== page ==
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What is William Wordworth's view on children and innocence in his writings?

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jazz18 | Student, Undergraduate | eNotes Newbie

Posted November 30, 2009 at 4:10 AM via web

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What is William Wordworth's view on children and innocence in his writings?

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Ashley Kannan | Middle School Teacher | (Level 3) Distinguished Educator

Posted November 30, 2009 at 7:29 AM (Answer #1)

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For Wordsworth, "the child is the father of the man."  There are plenty of examples where Wordsworth speaks to the fact that childhood reflects a particular instant in time that has to be revered and cherished.  Wordsworth's premise of striving to establish authenticity in voice and a non- conformist sense of reality lends itself to embracing childhood as a special time when individuals can truly be themselves.  In his poetry, there are many instances where Wordsworth believes that childhood and nature reflect a specific moment of perfection that allows individuals to see truth and reality in a simplistic and powerful manner.  Poems such as "Tintern Abbey" or "Daffodils" would convey this in terms of reflecting simplicity and purity, elements that are seen as essential in childhood and the Romantic praising of it.

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lit24 | College Teacher | (Level 3) Valedictorian

Posted November 30, 2009 at 11:19 PM (Answer #2)

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William Wordsworth was a Nature poet who worshipped Nature as his God and it was his main source of spirtual comfort  and escape from all the cares of this world. His association with life giving and life sustaining Nature began even when he was only a child and remained with him till his death.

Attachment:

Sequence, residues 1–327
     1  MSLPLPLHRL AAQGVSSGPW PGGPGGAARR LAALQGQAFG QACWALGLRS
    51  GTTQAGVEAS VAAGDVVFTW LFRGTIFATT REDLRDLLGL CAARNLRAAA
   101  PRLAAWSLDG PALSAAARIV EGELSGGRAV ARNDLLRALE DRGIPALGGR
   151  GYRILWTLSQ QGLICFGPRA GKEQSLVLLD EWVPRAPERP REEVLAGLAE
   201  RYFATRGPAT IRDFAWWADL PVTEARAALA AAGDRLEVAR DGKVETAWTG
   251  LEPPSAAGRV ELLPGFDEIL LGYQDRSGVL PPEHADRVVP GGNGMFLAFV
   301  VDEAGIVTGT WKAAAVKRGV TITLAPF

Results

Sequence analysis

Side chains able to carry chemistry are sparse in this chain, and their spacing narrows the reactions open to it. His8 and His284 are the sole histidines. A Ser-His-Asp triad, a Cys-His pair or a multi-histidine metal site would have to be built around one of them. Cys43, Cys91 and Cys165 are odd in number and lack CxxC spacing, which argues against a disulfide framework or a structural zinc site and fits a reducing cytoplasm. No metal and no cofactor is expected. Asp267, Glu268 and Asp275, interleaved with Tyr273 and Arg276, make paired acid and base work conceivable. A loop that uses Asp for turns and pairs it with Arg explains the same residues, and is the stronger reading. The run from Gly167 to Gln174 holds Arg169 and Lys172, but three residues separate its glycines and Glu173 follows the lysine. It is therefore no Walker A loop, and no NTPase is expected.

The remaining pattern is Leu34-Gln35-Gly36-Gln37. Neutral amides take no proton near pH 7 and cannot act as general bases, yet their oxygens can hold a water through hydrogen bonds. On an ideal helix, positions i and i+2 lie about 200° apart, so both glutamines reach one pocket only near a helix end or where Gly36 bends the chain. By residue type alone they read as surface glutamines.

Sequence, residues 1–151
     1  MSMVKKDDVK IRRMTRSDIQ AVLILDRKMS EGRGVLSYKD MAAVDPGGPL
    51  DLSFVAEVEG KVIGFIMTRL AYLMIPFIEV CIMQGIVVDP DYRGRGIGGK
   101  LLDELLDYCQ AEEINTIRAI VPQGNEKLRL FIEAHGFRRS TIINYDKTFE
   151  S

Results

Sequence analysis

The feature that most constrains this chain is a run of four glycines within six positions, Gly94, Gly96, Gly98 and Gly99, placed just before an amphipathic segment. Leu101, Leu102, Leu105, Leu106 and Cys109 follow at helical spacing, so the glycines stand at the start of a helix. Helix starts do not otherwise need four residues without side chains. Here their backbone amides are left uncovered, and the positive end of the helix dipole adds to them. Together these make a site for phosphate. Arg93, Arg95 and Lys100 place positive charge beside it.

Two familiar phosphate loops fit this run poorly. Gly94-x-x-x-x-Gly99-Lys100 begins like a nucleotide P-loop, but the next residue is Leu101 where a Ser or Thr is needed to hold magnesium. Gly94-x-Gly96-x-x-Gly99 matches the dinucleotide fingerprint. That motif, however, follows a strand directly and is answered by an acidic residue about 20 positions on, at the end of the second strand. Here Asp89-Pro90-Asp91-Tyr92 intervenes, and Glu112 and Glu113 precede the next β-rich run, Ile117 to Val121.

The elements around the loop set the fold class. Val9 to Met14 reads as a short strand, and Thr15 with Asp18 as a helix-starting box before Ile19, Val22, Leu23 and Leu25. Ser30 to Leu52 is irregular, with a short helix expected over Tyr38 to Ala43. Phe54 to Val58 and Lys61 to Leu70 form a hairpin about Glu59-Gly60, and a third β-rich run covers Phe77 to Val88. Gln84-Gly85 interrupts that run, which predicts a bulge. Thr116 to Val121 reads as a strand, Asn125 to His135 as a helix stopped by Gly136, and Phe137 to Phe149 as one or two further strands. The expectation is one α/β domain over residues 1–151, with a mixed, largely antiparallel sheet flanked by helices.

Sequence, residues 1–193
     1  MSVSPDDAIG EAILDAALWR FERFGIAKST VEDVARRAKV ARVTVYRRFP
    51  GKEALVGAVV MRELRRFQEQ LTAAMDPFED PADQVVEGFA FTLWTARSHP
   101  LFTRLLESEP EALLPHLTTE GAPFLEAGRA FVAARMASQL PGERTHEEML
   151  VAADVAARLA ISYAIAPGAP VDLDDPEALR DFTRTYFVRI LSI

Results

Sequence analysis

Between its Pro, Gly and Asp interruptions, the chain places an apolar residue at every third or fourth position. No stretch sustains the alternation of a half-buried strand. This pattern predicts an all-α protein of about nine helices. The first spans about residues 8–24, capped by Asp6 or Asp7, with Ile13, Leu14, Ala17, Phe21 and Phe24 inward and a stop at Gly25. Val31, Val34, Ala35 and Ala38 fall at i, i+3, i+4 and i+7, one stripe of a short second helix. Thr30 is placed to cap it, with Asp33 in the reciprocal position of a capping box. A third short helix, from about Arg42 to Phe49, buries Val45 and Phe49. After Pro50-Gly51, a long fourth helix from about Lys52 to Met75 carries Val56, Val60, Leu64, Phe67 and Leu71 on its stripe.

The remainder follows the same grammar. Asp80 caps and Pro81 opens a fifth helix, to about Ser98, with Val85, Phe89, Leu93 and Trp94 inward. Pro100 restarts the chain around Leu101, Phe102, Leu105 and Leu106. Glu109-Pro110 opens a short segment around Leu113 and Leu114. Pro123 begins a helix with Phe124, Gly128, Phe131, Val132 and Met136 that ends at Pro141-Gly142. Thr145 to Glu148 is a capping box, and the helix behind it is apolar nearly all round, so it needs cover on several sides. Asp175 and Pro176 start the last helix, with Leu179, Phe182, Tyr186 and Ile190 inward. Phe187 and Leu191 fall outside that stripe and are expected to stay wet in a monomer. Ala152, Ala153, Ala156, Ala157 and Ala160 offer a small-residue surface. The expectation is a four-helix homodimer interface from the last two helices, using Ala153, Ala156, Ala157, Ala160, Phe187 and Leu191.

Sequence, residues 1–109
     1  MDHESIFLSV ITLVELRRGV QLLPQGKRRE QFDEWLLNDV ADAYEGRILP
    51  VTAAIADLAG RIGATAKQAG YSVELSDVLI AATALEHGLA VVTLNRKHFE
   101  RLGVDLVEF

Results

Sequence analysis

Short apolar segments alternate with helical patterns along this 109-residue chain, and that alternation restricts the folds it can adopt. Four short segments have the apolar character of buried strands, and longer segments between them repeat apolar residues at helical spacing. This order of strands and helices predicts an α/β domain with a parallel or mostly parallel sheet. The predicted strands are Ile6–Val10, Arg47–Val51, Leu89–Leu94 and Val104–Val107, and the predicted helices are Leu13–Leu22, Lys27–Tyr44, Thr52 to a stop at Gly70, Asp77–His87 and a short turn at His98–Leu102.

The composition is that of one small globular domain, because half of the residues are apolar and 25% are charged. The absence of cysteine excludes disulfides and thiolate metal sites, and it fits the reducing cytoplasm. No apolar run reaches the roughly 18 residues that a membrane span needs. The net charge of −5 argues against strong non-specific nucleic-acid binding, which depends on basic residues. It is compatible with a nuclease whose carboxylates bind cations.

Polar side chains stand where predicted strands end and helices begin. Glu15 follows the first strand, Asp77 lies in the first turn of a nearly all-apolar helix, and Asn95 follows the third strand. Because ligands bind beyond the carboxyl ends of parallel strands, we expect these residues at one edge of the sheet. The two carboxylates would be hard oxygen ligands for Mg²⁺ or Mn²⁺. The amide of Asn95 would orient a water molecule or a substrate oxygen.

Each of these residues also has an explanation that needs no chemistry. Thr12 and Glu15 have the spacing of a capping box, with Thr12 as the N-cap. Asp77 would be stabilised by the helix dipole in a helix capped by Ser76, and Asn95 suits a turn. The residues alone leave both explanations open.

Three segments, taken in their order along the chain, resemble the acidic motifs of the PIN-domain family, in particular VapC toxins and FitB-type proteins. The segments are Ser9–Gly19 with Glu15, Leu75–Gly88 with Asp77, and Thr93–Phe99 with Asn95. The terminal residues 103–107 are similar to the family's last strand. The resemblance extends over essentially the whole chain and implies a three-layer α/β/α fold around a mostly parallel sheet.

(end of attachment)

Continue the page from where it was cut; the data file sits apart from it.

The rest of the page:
In this short lyric, the 'rainbow' symbolizes the life sustaining and life nourishing goodness of Nature. The sight of the beautiful rainbow which he saw when he was only a child is deeply etched in his memory and the same joy that he experienced when he saw it as a child contiunes to remain with him through his adulthood. He desires that this same childhoood joy should continue to sustain him even in his old age.Wordsworth says that he would rather die than not being able to experience the same joy that he experienced when he saw the rainbow when he was a small boy after he becomes an old man.

The memory of the beautiful rainbow and its pleasant associations form the link between his childhood, adulthood and his old age:past, present and future. Wordsworth concludes the poem by expressing the desire that each day of his existence be linked with the next by beautiful and simple natural sights like the rainbow.

For Wordsworth the life nourishing and life sustaining memories of beautiful natural sights like the rainbow are very precious and he deeply desires that they link each day of his life on this earth and remain with him till his death.

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subrataray | High School Teacher | (Level 1) Valedictorian

Posted April 3, 2010 at 2:42 AM (Answer #3)

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Woddswirth's adoration of chilahood and its innocence find voice in most of his poems .He was a child of nature , and in his childhood Nature endowed him with the gift of imagination .In Tin tern Abbey , in Immortality ode , in We Are Seven , the innocence and beauty of child-psychology are well-exhibited .Child is the father of man , a child is seer , prophet , etc are the highest tributes of the poet to a child .

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